Launched in 2017 in celebration of the Hewlett Foundation’s fiftieth anniversary, the Hewlett 50 Arts Commissions is a five- year, $8 million commissioning initiative that is the largest of its kind in the United States. The initiative will support the creation of 50 exceptional works of performing arts and their premiere in the Bay Area through grants of $150,000 to Bay Area nonprofit organizations. Nonprofit organizations will receive funding to achieve their creative vision in partnership with the commissioned artists, who may be based anywhere in the world.
The ultimate beneficiaries of the new program will be local audiences, who will be among the first to see important new works in the performing arts premiered in their communities.
The Hewlett 50 Arts Commissions align with our longstanding commitment to providing Bay Area audiences with access to world class performing arts, and it is our hope that the works created will go on to inspire, engage and challenge audiences across the country and around the world in years to come.
Ten commissions will be awarded annually in each of five performing arts disciplines from 2017 – 2021. The recipients of the first two rounds of awards, in music composition and theater, musical theater, and spoken word, have been announced.
Future years will focus on:
2019: Dance & Movement-based Performance
2020: Folk and Traditional Arts
2021: Film and Media
Eligible nonprofit organizations must be based in one of the eleven Bay Area counties (Alameda, Contra Costa, Marin, Monterey, Napa, San Francisco, San Mateo, Santa Clara, Santa Cruz, Solano, or Sonoma). Applicants do not need to be arts-focused organizations, and we encourage organizations working on diverse issues to consider submitting a letter of inquiry (LOI). We also encourage organizations that serve disadvantaged or historically marginalized communities to submit an LOI. Successful proposals will represent an authentic collaboration between organization and artists. Artists will receive tw0-thirds of the Hewlett Foundation grant as their commissioning fee.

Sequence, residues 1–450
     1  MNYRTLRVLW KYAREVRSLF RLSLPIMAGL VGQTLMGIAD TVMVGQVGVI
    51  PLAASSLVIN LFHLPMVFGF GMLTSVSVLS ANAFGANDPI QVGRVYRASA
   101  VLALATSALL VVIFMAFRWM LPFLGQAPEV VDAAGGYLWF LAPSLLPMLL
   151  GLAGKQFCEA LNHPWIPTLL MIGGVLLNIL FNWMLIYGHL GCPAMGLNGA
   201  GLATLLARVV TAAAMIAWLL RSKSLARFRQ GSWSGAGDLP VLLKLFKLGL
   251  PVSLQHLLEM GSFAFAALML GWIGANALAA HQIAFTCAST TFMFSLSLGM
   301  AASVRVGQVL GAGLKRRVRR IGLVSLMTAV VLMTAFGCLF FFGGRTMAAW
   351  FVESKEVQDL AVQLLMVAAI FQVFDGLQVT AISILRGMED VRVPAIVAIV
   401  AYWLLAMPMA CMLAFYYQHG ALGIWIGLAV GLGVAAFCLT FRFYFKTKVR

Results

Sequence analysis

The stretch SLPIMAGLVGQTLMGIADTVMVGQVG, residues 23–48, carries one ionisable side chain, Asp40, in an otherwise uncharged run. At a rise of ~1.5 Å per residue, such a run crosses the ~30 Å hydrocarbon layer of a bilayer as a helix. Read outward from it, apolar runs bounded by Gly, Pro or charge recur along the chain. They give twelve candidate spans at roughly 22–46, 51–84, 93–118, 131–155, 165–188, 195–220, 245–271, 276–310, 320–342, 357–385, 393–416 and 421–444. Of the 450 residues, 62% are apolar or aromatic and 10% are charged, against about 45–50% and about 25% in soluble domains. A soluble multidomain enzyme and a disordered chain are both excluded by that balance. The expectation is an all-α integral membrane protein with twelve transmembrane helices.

Applying for a grant
There is a two-step process to apply. First, organizations submit a short LOI identifying the artist they propose commissioning and describing the proposed project. The most competitive applicants will be asked to complete an in-depth proposal for their project, and Hewlett Foundation staff will make the final decision about winners of the awards.
Those interested in submitting a letter of inquiry are invited to view a recording of an introductory webinar, as well as a growing list of frequently asked questions about the commissioning program.
Applications for the next round of awards, for dance, will open later in 2019.